Hindi, Urdu: Aese sunne mein aa rahaa thaa ki ...

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bargolus

Member
Danish and English - British
How would you translate this construction into English?

Aese sunne mein aa/mil rahaa thaa ki ... / ऐसे सुनने में आ/मिल रहा था की ... / ... ایسے سننے میں آ/مل رہا تھا کی

Simply, "I heard that..." or "They told me that.."?

But it seems like a very round-about construction to say that.
 
  • Qureshpor

    Senior Member
    Panjabi, Urdu پنجابی، اردو
    For ایسے سننے میں آ رہا تھا کہ which I agree is rather convoluted, one could idiomatically translate it as:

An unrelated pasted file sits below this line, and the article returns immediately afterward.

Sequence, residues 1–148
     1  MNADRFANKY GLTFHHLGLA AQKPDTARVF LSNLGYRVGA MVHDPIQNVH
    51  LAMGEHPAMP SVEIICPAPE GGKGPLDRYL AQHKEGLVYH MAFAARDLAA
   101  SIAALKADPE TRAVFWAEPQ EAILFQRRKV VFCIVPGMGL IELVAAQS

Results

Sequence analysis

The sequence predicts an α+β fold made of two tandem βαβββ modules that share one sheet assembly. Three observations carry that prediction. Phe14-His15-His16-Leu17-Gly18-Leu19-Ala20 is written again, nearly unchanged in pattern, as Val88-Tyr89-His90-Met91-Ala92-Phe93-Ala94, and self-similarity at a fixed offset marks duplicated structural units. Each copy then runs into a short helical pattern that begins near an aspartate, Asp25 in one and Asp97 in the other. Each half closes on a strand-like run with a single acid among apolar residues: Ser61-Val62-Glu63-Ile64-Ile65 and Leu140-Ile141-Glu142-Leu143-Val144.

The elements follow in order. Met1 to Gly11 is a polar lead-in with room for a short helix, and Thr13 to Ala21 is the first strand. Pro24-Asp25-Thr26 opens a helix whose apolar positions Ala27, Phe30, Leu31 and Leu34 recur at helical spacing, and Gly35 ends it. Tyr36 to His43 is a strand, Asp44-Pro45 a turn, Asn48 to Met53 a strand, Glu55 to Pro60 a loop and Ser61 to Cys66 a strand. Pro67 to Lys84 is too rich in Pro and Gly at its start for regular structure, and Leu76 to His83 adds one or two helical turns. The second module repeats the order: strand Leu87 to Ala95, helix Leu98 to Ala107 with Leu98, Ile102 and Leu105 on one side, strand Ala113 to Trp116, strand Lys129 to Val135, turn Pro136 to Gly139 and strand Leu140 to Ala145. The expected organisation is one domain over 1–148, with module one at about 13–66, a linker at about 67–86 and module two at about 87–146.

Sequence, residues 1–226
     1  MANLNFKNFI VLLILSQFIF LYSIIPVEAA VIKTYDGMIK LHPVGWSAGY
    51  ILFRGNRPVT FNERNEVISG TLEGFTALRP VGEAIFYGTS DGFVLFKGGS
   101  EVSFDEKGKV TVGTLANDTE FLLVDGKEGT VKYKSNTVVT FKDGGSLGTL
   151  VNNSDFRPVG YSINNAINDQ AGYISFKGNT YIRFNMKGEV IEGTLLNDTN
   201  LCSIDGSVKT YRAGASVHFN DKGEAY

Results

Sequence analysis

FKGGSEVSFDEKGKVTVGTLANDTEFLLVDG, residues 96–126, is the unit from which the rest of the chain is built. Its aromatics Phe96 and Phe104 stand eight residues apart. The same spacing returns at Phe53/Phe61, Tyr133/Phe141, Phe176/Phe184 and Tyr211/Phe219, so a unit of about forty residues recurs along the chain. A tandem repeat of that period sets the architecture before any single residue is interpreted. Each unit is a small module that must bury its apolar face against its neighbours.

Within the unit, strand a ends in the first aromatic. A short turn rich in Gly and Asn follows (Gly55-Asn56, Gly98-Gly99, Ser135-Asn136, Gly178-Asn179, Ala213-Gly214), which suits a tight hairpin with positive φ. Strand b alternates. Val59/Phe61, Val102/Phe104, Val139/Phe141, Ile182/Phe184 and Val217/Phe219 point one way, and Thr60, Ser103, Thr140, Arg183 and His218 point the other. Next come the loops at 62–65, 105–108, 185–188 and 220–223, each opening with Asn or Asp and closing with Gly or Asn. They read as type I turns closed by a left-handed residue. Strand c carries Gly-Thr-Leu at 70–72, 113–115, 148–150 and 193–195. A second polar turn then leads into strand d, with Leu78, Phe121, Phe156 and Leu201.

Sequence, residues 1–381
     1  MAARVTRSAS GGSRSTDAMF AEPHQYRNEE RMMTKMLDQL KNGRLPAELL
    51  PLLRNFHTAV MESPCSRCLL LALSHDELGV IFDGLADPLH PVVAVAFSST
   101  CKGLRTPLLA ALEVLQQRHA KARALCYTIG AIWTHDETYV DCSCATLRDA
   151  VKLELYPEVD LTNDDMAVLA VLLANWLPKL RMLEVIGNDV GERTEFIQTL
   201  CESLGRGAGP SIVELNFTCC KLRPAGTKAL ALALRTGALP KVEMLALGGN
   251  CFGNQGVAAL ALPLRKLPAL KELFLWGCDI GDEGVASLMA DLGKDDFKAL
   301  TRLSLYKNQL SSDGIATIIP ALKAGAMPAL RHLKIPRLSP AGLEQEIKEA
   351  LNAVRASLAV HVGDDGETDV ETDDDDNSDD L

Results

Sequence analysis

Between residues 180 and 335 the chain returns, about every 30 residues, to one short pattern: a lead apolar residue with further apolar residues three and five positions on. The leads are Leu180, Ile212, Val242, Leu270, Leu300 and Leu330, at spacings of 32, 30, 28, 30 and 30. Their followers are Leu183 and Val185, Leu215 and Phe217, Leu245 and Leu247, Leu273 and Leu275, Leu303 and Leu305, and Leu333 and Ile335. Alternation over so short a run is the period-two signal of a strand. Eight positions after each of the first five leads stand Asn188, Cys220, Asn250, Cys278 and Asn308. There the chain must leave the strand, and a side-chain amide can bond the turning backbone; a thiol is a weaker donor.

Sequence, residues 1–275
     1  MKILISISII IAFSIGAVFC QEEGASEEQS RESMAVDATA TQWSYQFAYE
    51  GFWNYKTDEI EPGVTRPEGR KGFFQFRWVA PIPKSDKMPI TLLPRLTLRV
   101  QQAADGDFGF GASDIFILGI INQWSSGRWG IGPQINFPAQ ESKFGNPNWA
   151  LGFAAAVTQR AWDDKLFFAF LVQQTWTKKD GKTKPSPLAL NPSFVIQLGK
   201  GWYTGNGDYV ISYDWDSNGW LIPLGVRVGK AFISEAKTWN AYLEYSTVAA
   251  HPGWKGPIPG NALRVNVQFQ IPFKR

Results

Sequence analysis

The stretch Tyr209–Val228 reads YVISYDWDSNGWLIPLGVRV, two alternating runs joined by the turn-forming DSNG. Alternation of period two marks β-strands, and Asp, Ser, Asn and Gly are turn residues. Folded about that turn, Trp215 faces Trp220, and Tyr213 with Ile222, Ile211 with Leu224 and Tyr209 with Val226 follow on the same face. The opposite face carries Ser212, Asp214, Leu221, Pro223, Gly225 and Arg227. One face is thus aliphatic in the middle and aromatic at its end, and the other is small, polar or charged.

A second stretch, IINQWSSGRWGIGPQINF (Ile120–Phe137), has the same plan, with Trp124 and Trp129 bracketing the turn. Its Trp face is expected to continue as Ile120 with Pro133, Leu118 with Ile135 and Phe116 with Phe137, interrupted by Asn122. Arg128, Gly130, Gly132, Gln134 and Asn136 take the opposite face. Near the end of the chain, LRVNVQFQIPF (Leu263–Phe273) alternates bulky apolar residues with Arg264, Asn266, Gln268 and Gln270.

Things were being said in such a way that
     

    Alfaaz

    Senior Member
    English
    bargolus said:
    How would you translate this construction into English?
    Are you looking for an idiomatic English translation or perhaps a more literal translation to understand the structure and meaning of the Urdu and Hindi phrase? If it is the latter, then the following might be helpful:

    ایسا سننے میں آ رہا تھا کہ - aisaa sunne meN aa rahaa thaa keh

    • ایسا - It/such
    • آ رہا تھا - was coming
    • سننے میں - into hearing/to be heard
    • کہ - that
    ایسا کہنے میں آ رہا تھا کہ - It was starting to be said that/It was being said that/*Rumors were arising that/etc. (*depending on exact context)
     

    bargolus

    Member
    Danish and English - British
    Are you looking for an idiomatic English translation or perhaps a more literal translation to understand the structure and meaning of the Urdu and Hindi phrase? If it is the latter, then the following might be helpful: